Non-Hacky, Correct Fix #1:


SD2SNES Rev. H includes a unity-gain op-amp on the output of the MSU-1 DAC, which solves the impedance problem, fixing the volume level. Along with LHW#1, all revisions of the SD2SNES can now output the correct volume levels. HW#1 and HW#2 are completely unnecessary.

Now, technically, with HW#2, boosted audio and the "emulator/60" patch cancel each other out, resulting in the correct levels, so why not just use that version for everything? After all, a lot of patch creators were really annoyed at having to go to all the trouble of boosting their files for HW#1, along with re-uploading everything and writing new documentation, and they really didn't want to go through all of that again. Unfortunately, that leaves us with...

Problem #3:


Actually, this is several problems. First of all, most of the boosted audio files were actually peak normalized to 0dBFS. On the one hand, thankfully this wouldn't cause any clipping, but it does mean that the audio files aren't actually normalized relative to each other. If you don't understand the difference between RMS and peak normalization, the ELI5 version is that with peak normalization, the ONLY THING that matters is the single loudest sample in the entire track. Imagine you have 2 tracks, one is really loud all the way through, and one just has a loud cymbal crash at the end, while the rest of the track is really silent. Peak normalizing these two tracks to the same level means that loud crash at the end will be the same loudness as the entire loud track, so if you listen to them side by side, the entire quiet track will be much quieter than the loud one. This is an extreme example, but if you've ever looked at a waveform visually, this is basically true of any track with a lot of really large "spikes" in volume (the "quiet" tracks) vs tracks which are very "dense" and consistently the same volume. The "spiky" tracks will end up sounding much quieter. RMS normalization accounts for this by "averaging" the volume over time, which gives a better comparison between tracks. Basically, long story short, peak normalized tracks are no longer properly normalized relative to each other.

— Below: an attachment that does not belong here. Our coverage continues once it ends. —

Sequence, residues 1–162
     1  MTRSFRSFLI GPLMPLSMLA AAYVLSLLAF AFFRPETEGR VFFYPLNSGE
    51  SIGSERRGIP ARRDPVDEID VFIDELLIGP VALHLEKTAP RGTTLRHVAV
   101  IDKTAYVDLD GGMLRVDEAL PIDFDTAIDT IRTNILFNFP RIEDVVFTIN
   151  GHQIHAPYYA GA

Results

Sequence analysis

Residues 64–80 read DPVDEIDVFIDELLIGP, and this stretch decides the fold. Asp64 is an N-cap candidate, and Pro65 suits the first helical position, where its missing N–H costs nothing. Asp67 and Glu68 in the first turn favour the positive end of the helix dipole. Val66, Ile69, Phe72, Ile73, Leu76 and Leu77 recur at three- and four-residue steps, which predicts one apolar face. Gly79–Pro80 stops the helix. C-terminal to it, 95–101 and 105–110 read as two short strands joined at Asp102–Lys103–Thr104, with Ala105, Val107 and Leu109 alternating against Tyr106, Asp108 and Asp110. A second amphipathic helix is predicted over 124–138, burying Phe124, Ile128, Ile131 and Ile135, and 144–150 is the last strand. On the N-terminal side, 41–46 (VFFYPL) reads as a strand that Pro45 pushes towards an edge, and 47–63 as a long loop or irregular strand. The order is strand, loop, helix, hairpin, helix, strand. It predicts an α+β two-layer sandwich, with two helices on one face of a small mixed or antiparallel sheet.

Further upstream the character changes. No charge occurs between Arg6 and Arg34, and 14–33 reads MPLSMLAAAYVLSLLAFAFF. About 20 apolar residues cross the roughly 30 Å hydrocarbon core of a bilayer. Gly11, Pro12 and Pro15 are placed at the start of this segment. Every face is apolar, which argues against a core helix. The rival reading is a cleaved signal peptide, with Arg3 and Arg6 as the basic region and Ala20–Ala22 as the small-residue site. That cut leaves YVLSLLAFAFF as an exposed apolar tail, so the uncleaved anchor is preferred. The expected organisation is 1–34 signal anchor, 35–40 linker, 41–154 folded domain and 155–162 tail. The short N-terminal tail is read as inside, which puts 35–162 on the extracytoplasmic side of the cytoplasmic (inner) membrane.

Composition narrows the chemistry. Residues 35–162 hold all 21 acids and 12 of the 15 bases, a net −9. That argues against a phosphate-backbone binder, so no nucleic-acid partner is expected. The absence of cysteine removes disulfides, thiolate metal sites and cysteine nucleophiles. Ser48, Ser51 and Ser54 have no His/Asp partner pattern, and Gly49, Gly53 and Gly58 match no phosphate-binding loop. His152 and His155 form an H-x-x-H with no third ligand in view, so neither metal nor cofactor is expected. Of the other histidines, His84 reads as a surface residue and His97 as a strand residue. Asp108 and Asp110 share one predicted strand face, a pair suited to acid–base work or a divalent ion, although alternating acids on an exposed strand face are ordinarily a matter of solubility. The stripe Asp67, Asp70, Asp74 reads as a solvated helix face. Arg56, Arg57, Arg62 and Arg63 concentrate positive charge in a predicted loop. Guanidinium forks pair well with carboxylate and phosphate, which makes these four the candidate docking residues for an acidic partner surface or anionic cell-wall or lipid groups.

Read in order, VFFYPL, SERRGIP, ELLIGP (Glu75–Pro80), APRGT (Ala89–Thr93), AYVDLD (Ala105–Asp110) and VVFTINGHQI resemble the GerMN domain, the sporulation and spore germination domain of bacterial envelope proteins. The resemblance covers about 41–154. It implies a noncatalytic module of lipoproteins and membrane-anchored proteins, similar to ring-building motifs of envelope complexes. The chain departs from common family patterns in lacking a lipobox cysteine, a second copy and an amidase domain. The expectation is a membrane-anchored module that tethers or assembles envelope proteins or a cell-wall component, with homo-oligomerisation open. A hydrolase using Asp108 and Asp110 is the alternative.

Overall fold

Now, that's assuming that the tracks were peak normalized to 0dBFS. Some people didn't do that, they just "cranked up the volume", which actually resulted in clipping, permanently damaging the files. The only way to fix them is to reconvert from the original source files.

Also, some games don't actually have a single normalized level for their entire OST, and instead use a wide dynamic range. Super Metroid is probably the most extreme example I've found, but a lot of the JRPG's do as well. You completely lose this dynamic range in the boosted tracks, which really kills a lot of the impact of that dynamic range (imagine the Arrival on Brinstar track being as loud as the Ridley fight... it's just wrong).

So, you could stick with HW#2, but it's ugly, and it's still wrong for several reasons. Thankfully, I've gotten a lot of people on board with understanding this and have been working to remove and replace boosted audio packs with properly normalized ones. It's been a bit of an uphill battle, it's not 100% complete, and in some instances I've just had to do the work myself, but the hardest part was convincing people that this was really the right way to do it, and on that front, at least, I've pretty much succeeded. This means no more need for separate patches, or hacky workarounds, the ONLY workaround that needs to be mentioned is the MSU-1 boost option in the SD2SNES menu for older hardware revisions, OR the op-amp installation mod, which essentially upgrades the hardware to Rev. H. Then, all you need is the correct patch (aka "hardware/FF" version), and the correctly-leveled audio tracks, and we can go back to (mostly) pretending that this whole fiasco never happened.

No comments:

Post a Comment